“It’s no problem”, she replies. “Wouldn’t want to hold up the queue.”
I quickly fill out the form and manage to have everything together just as I’m called up to a booth. The agent glances at my information and begins asking me a rapid series of questions, first about myself and then about the people I’m visiting.
“How long are you staying?”
“Whose address is this?”
“Nathan and Kelly’s.”
“How do you know them?”
“...Through a writing forum.”
She glances up from the papers and gives me an odd look. “You mean the internet? Have you ever met them before?”
“Not in person, no.” I feel dozens of eyes on my back and I’m beginning to panic again. I want to lie about it all, just so she stops looking at me like I’m a complete lunatic, but I’m too terrified of what might happen if I do.
“Are they meeting you here at the airport?”
“He is, yes.”
“What happens if you decide you don’t want to stay with them? What will you do?”
“Um, get a hotel?”
“What do you do for a living? How much money did you bring with you? When is your return flight? I’d like to see your bank account information and your itinerary.”
I’m completely flustered as I try to comply with all her requests. I’m prepared for all sorts of scenarios, but this isn’t one of them. I tell her what’s in my bank account, which, for me, is the equivalent to dropping my pants and pressing my bare ass to her little window. It’s absolutely unseemly.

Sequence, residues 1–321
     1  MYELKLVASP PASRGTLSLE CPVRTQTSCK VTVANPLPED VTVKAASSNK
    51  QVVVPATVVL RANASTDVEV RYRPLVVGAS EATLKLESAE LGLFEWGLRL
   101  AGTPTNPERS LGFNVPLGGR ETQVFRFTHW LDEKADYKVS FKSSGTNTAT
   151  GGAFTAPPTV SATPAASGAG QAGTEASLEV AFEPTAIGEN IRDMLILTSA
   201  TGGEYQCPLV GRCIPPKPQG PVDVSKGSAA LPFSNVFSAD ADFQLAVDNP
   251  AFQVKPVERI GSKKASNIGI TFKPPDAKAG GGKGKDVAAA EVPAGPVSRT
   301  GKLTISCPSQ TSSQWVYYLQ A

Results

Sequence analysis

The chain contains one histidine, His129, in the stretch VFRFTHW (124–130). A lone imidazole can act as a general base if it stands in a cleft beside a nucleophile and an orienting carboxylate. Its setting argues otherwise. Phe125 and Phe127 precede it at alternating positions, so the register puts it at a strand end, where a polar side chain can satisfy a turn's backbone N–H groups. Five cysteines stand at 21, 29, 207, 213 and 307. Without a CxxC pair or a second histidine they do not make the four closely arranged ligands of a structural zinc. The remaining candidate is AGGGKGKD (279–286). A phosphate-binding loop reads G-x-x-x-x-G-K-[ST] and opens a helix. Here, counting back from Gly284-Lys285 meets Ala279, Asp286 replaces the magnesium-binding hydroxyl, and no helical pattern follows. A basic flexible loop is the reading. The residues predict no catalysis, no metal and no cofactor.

I show her my itinerary and finally, finally, she stamps my passport and waves me on.
I gratefully follow the signs to baggage claim, walking quickly and texting Nathan that I’m nearly there. My giant suitcase is already sitting on the floor, to the left of the carousel, dwarfing all the others around it. I feel another wave of gratitude – one of my biggest fears was that they would lose it and I’d be without makeup for the entire trip. I wrestle the difficult handle up and begin dragging my belongings toward the exit.
As I walk through the open double doors, I immediately spot him standing behind a white rail to my right. He’s grinning and holding a small white sign that says “#bannisterfest”, which is a play on my last name and what the four of them have decided to call this holiday. I can’t stop the laugh that bursts out as I make my way past the rail; I hadn’t expected the sign.
We meet at the end of the barrier and hug. It’s lovely and surreal and I’m afraid my face may crack. He’s so tall and so exuberant that from the moment I walked through the doors, I didn’t notice anyone else. From his writing, you would think that Nathan blends in with a crowd, sitting amongst them and recording their movements, but that isn’t the case. He’s the sort of person people notice, the sort I think they’d want to write about.
I walk alongside him through the terminal, grinning and chatting as though it were continuation instead of first. He tells me Kelly was late to work this morning because she insisted I must have the sign. I feel a tiny burning behind my eyes and I have to will myself to keep the tears at bay.
It’s a bit embarrassing; being so happy you might cry, but it’s certainly better than the sort of embarrassment the customs agent stirred up. Which, I’m happy to say, disappeared the moment I finally hugged my friend and realized that, now, it definitely doesn’t matter what any of them think.